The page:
Walking on a risky path of new investments: IPO or NFO – which one is better?

January 14, 2021 1:02 PM

We have a strange scenario – on one hand we have investors booking profits and on the other investors are investing in IPOs and NFOs.

investment, wealth creation, new fund offer, NFO, initial public offering, IPO, equity investment, equity-oriented mutual fundBoth NFO and IPO investments need more patience and time from investors' end and it also carries additional risk.

By Harshad Chetanwala, Co-Founder – MyWealthGrowth.com

The month of December saw around Rs 7,500 crore of inflows in 9 different equity oriented NFOs during the month. At the same time, the outflow from overall equities was a whopping Rs 36,000 crore. The inclination towards IPOs too continues as we see oversubscription of most of the IPOs – Mrs. Bectors Food IPO was oversubscribed almost 200 times. This clearly shows that investors continue to remain keen to invest in equities despite markets being at all-time highs.

We have a strange scenario – on one hand we have investors booking profits and on the other investors are investing in IPOs and NFOs. While we all may think in different ways when it comes to investing in equities right now, one thing that we should keep in mind is not to get carried away by the NFO and IPO rush as investors. Both NFO and IPO investments need more patience and time from investors’ end and it also carries additional risk.

Given the recent performance of some of the IPOs like Burger King, Happiest Mind Technologies and Mrs Bectors, it is very tempting for investors to invest in the next IPO as the fear of missing out tends to be high amongst investors when it comes to equities. Investors would do well to remember that it is when the markets are high that the IPO and NFO rush begins.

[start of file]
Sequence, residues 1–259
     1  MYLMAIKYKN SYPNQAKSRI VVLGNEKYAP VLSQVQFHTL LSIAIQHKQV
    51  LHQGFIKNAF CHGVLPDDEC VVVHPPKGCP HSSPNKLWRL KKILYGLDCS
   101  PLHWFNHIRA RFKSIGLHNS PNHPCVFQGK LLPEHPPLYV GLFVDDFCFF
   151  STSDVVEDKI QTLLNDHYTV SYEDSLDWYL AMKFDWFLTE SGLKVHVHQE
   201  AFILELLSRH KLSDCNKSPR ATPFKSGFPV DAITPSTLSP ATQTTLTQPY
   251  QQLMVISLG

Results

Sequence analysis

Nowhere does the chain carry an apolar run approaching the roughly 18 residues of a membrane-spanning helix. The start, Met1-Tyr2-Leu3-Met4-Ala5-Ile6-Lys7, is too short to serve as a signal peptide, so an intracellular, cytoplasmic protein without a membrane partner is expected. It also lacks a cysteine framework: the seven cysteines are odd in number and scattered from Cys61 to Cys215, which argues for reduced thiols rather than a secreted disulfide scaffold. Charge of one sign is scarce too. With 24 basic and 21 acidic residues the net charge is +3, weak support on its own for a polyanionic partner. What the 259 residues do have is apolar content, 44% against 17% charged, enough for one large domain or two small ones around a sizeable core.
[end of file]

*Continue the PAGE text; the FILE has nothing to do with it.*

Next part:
One of the biggest risks of investing in IPO is Valuation Risk. The possibility of you investing at higher valuations during IPO is quite high. Another risk related to NFOs as well as IPOs is lack of track record or having limited information about the past performance of these investments. In any kind of investment, past performance is one of the parameters that matters in deciding whether you should go for it or no. Given the above risks – high-risk profile investors may think to invest a small part of their wealth through NFO or IPO as they can take some additional risk. Low- and medium-risk appetite investors may look at existing available funds and companies where they can take more informed decisions to reduce their risk.

How to create additional source of income without taking much risk

As far as NFOs of mutual fund go – there used to be a misconception about the NAV i.e. it is better to invest in the fund where NAV is not high. Hence, it is better to invest during NFO as the units are available at NAV of Rs 10. Well, it is not the NAV of the fund that matters, it is the portfolio and performance of the fund that really matters.

Let us take an example of two funds, Fund A and Fund B. Fund A’s NAV is Rs 100 whereas Fund B’s NAV is Rs 10. Both the funds are similar in nature and after one year the NAV of Fund A is Rs 120 and Fund B is Rs 12. While NAV of Fund A is 10 times higher than Fund B it does not make Fund A expensive, both the funds have given 20 per cent return in the last one year; that is what should be considered while investing and not the price of a unit. There was a phase where a lot of investors had an inclination to invest in NFOs just because they get units at Rs 10, I hope that misconception no longer exists, and it is no longer the sole reason to invest in NFOs. Similarly, in IPOs it is the valuations of the company along with growth prospects that matter and not the premium at the time of listing.

I certainly do not want to discourage NFO or IPO investment. From an investment perspective, it makes a lot of sense to invest in NFO, if that fund is offering a unique product that is not available in the industry and has the potential to deliver the returns as per investor’s expectations. Or in case of IPO, if the company is reasonably attractive from valuation and growth perspective. Otherwise, it could be better to go with existing options available in the market. The opportunity to invest in a fund or company after initial offering always exists, may be after sometime you can make more informed decisions as you get more information on these investment options.

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